Mammals of Kruger include African Elephant, Black Rhinoceros and White Rhinoceros, Hippopotamus, Giraffe, African Buffalo and Burchell's Zebra. There are antelope such as Sable Antelope, Roan Antelope, Eland, Tsessebe, Kudu, Waterbuck and Steenbok and carnivores include Lion, Leopard and Cheetah, African Wild Dog, Black-backed Jackal and Spotted Hyena.
 Site Information
 History and Use
The Kruger National Park is a memorial to President Paul Kruger, and those who have upheld his vision of a protected wilderness reserve.
 Areas of Interest
Skukuza Camp, accessible by air, is one of the most popular with birders and Lower Sabie to the south-east on the Sabie River is another good area. Further north good birding can be found at Olifants in the centre of the park and in the hilly country of the far north around Pafuri.
 Access and Facilities
Kruger is very popular with visitors and there are numerous camps throughout the park all of which provide excellent accommodation and superb birding.
 Contact Details for Bookings
 External Links
Content and images originally posted by Steve
 TwoBoy's review
The Kruger Park is full of surprises. At every turn in the road you will be likely to find another bird or animal species. The park is larger than the review states, now approx 37000 sq.kms. The Kruger is truly a great park by world standards and affordable by just about everyone. As you can see from the species list you will have your work cut out for you.
There really is something for everyone.
Birds - anytime. Animals - April to October when the grass is shorter before the rains.
When planning your visit move rest camp every 3 or 4 days to see the most. Eco zones change as you move on so the chances of seeing more increase significantly by doing this.
Lower Sabie, Satara, Letaba & Olifants are very nice. Pros
 Mark Bruce's review
The Kruger Park is really an awesome experience.There is great birding throughout its length and breadth.There is one area that deserves special mention,and that's the Pafuri area in the extreme north.The Pafuri is the southern most limit of a number of the tropical birds.The closest camp to the Pafuri area is Punda Maria.There is very good birding in and around the camp.Here's a list of birds frequently seen in the Punda Maria Camp.
Black Kite Milvus migrans (aegyptius/Yellow-billed Kite) Little Banded Goshawk Accipiter badius African Goshawk Accipiter tachiro Natal Francolin Francolinus natalensis Crested Guineafowl Guttera pucherani Crowned Plover Vanellus coronatus Cape Turtle Dove Streptopelia capicola Laughing Dove Streptopelia senegalensis Green-spotted Dove Turtur chalcospilos Cape Parrot Poicephalus robustus Brown-headed Parrot Poicephalus cryptoxanthus Purple-crested Lourie Tauraco porphyreolophus Red-chested Cuckoo Cuculus solitarius Burchell's Coucal Centropus burchellii African Scops Owl Otus senegalensis Pearl-spotted Owl Glaucidium perlatum Fiery-necked Nightjar Caprimulgus pectoralis Freckled Nightjar Caprimulgus tristigma Mozambique Nightjar Caprimulgus fossii Speckled Mousebird Colius striatus Red-faced Mousebird Urocolius indicus Pygmy Kingfisher Ispidina picta Woodland Kingfisher Halcyon senegalensis Brown-hooded Kingfisher Halcyon albiventris European Bee-eater Merops apiaster Southern Carmine Bee-eater Merops nubicoides Red-billed Woodhoopoe Phoeniculus purpureus Trumpeter Hornbill Bycanistes bucinator Grey Hornbill Tockus nasutus Southern Red-billed Hornbill Tockus erythrorhynchus Southern Yellow-billed Hornbill Tockus leucomelas Crowned Hornbill Tockus alboterminatus Black-collared Barbet Lybius torquatus Crested Barbet Trachyphonus vaillantii Bennett's Woodpecker Campethera bennettii Golden-tailed Woodpecker Campethera abingoni Cardinal Woodpecker Dendropicos fuscescens European Swallow Hirundo rustica White-throated Swallow Hirundo albigularis Lesser Striped Swallow Hirundo abyssinica Eastern Black-headed Oriole Oriolus larvatus Pied Crow Corvus albus White-necked Raven Corvus albicollis Southern Black Tit Parus niger Grey Penduline Tit Anthoscopus caroli Arrow-marked Babbler Turdoides jardineii Black-eyed Bulbul Pycnonotus barbatus Terrestrial Bulbul Phyllastrephus terrestris Sombre Bulbul Andropadus importunus African Yellow-bellied Bulbul Chlorocichla flaviventris Yellow-spotted Nicator Nicator gularis Natal Robin Cossypha natalensis African White-throated Robin Cossypha humeralis White-browed Robin Erythropygia leucophrys Eastern Bearded Robin Erythropygia quadrivirgata Willow Warbler Phylloscopus trochilus Yellow-breasted Apalis Apalis flavida Long-billed Crombec Sylvietta rufescens Rattling Cisticola Cisticola chiniana Tawny-flanked Prinia Prinia subflava Spotted Flycatcher Muscicapa striata Southern Black Flycatcher Melaenornis pammelaina Chinspot Batis Batis molitor Striped Pipit Anthus lineiventris Red-backed Shrike Lanius collurio Southern Boubou Laniarius ferrugineus Tropical Boubou Laniarius aethiopicus Black-backed Puffback Dryoscopus cubla Three-streaked Tchagra Tchagra australis Orange-breasted Bush Shrike Telophorus sulfureopectus Grey-headed Bush Shrike Malaconotus blanchoti White Helmet-shrike Prionops plumatus Red-billed Helmet-shrike Prionops retzii Plum-coloured Starling Cinnyricinclus leucogaster Glossy Starling Lamprotornis nitens Greater Blue-eared Starling Lamprotornis chalybaeus Red-winged Starling Onychognathus morio Yellow-bellied Sunbird Nectarinia venusta White-bellied Sunbird Nectarinia talatala Scarlet-chested Sunbird Nectarinia senegalensis Collared Sunbird Anthreptes collaris Southern Grey-headed Sparrow Passer diffusus Southern Masked-Weaver Ploceus velatus Red-headed Weaver Anaplectes rubriceps Red-billed Quelea Quelea quelea Melba Finch Pytilia melba Blue-billed Firefinch Lagonosticta rubricata Jameson's Firefinch Lagonosticta rhodopareia Blue Waxbill Uraeginthus angolensis Cutthroat Finch Amadina fasciata Eastern Paradise Whydah Vidua paradisaea Black Widowfinch Vidua funerea Steel-blue Widowfinch Vidua chalybeata Yellow-eyed Canary Serinus mozambicus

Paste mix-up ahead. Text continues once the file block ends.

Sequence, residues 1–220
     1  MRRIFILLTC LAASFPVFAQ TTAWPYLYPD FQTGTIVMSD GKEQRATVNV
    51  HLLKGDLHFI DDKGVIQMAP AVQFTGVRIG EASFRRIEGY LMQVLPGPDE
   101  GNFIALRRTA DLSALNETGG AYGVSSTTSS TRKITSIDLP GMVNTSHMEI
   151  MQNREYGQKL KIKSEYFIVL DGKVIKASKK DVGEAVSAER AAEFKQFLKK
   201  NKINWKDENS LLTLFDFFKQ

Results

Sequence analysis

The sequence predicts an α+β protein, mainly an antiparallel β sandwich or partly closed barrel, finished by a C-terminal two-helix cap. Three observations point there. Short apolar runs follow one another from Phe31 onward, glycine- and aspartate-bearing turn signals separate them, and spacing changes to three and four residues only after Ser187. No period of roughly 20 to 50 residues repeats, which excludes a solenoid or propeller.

cassowary's review
Superb Birding although lack of dawn and dusk birding due to park restrictions was frustrating. Some species are very localised. One of the easiest spots in africa (supposedly) to see Pel's fishing owl Pafuri (NE corner); this small area arguably holds the best localised patch of birding on the reserve.
Tip: Take a spotlight for the night drives.
A week in the Kruger should be enough to see all the specialties. By this time you'll probably be suffering from car-bound fever and be glad to move on to equally good birding in other areas of SA.
For wildlife in general this place for me is a 10.